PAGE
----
For nearly 100 years, the Morton Salt facility on the North Side of Chicago, with its massive rain slicker and umbrella sign, has been an iconic presence along the industrial corridor that traced the North Branch of the Chicago River. The warehousing and packaging facility closed in 2015, and within a few years, the company announced an ambitious adaptive reuse plan for the site, turning it into a mixed-use campus featuring a concert venue and office spaces. (The sign will stay.) It will also be home to Morton’s R&D facility, relocating from Chicago’s suburbs, where the company will research water softener salt, pool salt, deicing salt, and salt solutions for other industrial applications.

The project’s innovation will extend to the outdoors: The landscape of the campus will include a synthetic growing medium developed by Omni Ecosystems. According to the company, it’s the first site in Chicago that’s been approved for the use of special stormwater soils designed to mitigate runoff and stormwater from combined sewer overflows. Working with the Chicago Plan Commission and the Department of Buildings, Omni Ecosystems will use 60,000 cubic feet of Omni Infinity Media, largely composed of an ultra-light, kiln-dried mineral similar to volcanic rock. This medium will allow a rich wetland and riparian ecosystem to thrive on top of a degraded and polluted site that’s been capped with concrete and asphalt.

The Omni Infinity Media is mostly air—it has 78 percent void space, compared to standard topsoil, which has 25 percent. “It’s quite literally and physically a sponge,” says Michael Skowlund, ASLA, the director of landscape architecture at Omni Ecosystems. (more…)

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The things our art director, Chris McGee, hated to leave out of the current issue of LAM.

Stewart.

From “The Big Deal” by Jared Brey in the March 2021 issue, about Stewart’s mixed-use plans for an 800-acre, 19th-century hospital district in North Carolina.

“Broughton sketchbook.”

–CHRIS MCGEE, LAM ART DIRECTOR

As always, you can buy this issue of Landscape Architecture Magazine at more than 250 bookstores, including many university stores and independents, as well as at Barnes & Noble. You can also buy single digital issues for only $5.25 at Zinio or order single copies of the print issue from ASLA. Annual subscriptions for LAM are a thrifty $59 for print and $44.25 for digital. Our subscription page has more information on subscription options.

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BY ALEX BOZIKOVIC

Support grows for a proposal to convert Toronto’s University Avenue into a park.

FROM THE MARCH 2021 ISSUE OF LANDSCAPE ARCHITECTURE MAGAZINE.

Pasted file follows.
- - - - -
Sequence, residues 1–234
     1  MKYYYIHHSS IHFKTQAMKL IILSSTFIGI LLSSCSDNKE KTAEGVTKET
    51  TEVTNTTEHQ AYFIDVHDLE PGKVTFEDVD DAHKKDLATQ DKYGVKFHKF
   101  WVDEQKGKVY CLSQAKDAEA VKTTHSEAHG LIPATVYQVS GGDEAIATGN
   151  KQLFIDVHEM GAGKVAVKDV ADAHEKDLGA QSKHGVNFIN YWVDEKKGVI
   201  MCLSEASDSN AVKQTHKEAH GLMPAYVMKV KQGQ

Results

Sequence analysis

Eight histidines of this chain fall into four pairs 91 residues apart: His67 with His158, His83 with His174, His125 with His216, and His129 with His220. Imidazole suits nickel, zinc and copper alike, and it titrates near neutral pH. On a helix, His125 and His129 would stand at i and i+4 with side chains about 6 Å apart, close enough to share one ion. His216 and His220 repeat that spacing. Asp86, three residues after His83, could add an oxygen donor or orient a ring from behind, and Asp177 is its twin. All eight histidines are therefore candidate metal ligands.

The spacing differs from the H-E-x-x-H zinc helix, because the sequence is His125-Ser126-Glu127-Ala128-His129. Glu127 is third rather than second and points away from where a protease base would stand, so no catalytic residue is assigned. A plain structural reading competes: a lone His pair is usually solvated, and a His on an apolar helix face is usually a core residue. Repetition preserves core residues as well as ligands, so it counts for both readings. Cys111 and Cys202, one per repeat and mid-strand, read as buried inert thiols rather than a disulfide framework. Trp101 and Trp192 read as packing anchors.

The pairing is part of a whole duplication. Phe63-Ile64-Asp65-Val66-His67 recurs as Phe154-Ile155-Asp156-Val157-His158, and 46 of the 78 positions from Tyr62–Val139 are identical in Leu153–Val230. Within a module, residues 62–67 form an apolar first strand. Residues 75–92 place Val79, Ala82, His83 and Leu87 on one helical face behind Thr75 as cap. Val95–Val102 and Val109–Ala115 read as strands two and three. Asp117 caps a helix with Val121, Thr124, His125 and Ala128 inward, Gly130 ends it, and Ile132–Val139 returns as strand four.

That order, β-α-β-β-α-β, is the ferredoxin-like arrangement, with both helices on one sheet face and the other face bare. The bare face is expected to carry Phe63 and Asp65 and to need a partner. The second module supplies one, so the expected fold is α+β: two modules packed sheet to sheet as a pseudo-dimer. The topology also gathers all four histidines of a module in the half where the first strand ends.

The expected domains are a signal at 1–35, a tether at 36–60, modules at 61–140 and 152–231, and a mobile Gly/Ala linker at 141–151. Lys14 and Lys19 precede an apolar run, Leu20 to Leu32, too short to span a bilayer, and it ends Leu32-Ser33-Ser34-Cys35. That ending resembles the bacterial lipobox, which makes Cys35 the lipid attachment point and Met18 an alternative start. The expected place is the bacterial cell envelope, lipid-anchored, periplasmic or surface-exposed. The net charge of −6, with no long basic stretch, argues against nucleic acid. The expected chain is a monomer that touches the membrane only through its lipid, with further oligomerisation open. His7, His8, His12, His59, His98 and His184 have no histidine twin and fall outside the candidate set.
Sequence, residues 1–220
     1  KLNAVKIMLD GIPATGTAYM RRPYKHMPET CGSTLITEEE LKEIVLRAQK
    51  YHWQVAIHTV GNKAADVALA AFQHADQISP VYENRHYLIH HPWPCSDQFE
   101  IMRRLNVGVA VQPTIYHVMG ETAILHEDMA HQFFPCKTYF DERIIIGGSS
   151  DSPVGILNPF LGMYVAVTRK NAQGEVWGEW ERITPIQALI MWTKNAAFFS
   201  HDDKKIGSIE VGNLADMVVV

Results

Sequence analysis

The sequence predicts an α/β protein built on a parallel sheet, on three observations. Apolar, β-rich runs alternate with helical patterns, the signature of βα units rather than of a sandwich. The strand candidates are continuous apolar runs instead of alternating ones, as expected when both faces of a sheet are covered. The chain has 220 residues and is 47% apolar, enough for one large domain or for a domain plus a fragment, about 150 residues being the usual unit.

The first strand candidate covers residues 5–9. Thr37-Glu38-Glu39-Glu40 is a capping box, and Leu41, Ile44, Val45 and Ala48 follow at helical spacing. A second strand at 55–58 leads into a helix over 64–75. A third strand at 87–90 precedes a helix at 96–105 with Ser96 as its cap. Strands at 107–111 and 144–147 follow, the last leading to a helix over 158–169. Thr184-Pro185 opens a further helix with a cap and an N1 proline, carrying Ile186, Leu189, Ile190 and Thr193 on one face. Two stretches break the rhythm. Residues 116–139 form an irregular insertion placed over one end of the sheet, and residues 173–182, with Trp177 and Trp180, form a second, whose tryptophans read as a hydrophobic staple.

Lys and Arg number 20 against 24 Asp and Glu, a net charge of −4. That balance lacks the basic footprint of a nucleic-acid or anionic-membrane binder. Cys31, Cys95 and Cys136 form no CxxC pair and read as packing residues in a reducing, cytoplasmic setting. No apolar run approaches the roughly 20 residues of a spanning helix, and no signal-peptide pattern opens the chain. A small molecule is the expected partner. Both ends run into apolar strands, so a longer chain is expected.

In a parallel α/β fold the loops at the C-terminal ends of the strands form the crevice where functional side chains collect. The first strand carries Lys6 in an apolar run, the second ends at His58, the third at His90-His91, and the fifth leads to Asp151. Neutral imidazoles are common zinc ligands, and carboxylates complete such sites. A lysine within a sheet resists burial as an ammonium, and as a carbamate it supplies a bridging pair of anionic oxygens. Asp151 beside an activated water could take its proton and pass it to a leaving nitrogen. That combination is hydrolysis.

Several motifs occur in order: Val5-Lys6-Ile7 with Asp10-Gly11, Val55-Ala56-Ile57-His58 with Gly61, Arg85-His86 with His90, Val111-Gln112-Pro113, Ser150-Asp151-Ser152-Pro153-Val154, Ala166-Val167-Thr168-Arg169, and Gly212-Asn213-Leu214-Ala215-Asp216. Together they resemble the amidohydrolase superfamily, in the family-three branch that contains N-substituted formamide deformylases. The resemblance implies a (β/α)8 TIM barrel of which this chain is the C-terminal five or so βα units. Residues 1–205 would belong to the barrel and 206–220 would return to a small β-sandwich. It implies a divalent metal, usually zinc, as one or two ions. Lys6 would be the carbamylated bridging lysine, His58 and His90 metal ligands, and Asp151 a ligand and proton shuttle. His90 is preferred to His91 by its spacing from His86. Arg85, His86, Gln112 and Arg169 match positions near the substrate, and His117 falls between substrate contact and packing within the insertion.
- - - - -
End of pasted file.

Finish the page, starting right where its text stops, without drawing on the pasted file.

The center of Toronto, a city of almost three million, is becoming increasingly crowded. So how can the city answer the need for public space? By remaking streets. A scheme by the landscape architects PUBLIC WORK proposes converting half of Toronto’s University Avenue into a linear park, and the idea has gained momentum.

In November, two not-for-profit organizations, Evergreen and the Michael Young Family Foundation, unveiled the proposal, called University Park, to the public. Adam Nicklin, a cofounder and principal at PUBLIC WORK, says the design knits together a system of existing green spaces into a cohesive whole. “It’s a chance to reimagine a great street which doesn’t perform its highest civic function,” he says, and create “a 90-acre system of parks right in the heart of the city.” (more…)

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The things our art director, Chris McGee, hated to leave out of the current issue of LAM.

Image by Florence Low for California Department of Water Resources.

From “Toward Reclamation” in the March 2021 issue by Timothy A. Schuler, about how federal recognition of a critical ecosystem in California where five waterways collide can maintain the Sacramento–San Joaquin River Delta’s cultural heritage and ecological integrity.

“Flooded fields on the delta.”

–CHRIS MCGEE, LAM ART DIRECTOR

As always, you can buy this issue of Landscape Architecture Magazine at more than 250 bookstores, including many university stores and independents, as well as at Barnes & Noble. You can also buy single digital issues for only $5.25 at Zinio or order single copies of the print issue from ASLA. Annual subscriptions for LAM are a thrifty $59 for print and $44.25 for digital. Our subscription page has more information on subscription options.

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BY ZACH MORTICE

An illustration of Edmond Albius, by Antoine Roussin, 1863. Image courtesy of Schomburg Center for Research in Black Culture, New York Public Library.

An online exhibit hosted by the New York Botanical Garden decodes plants’ relationships to Black people.

 

Of the five plants featured in the New York Botanical Garden’s online exhibition Black Botany: The Nature of Black Experience, some are cash crops typically associated with Black people and slavery, such as cotton and rice. Others highlight relationships that are less well-known. “We wanted to look at how Black culture is always simmered down to low and middlebrow culture, as opposed to scientific or higher-brow knowledge,” says Nuala Caomhánach, a former Mellon Fellow at the New York Botanical Garden and a current doctoral student in the history of science, who curated the show with Rashad Bell, a collection maintenance associate at the garden. Each plant shines a light on the intentional omission of comprehensive Black knowledge of botany and nature, as well as how Black people were often connected to these plants in the popular imagination by slavery.

Very simply, “plants aren’t neutral,” Bell says. (more…)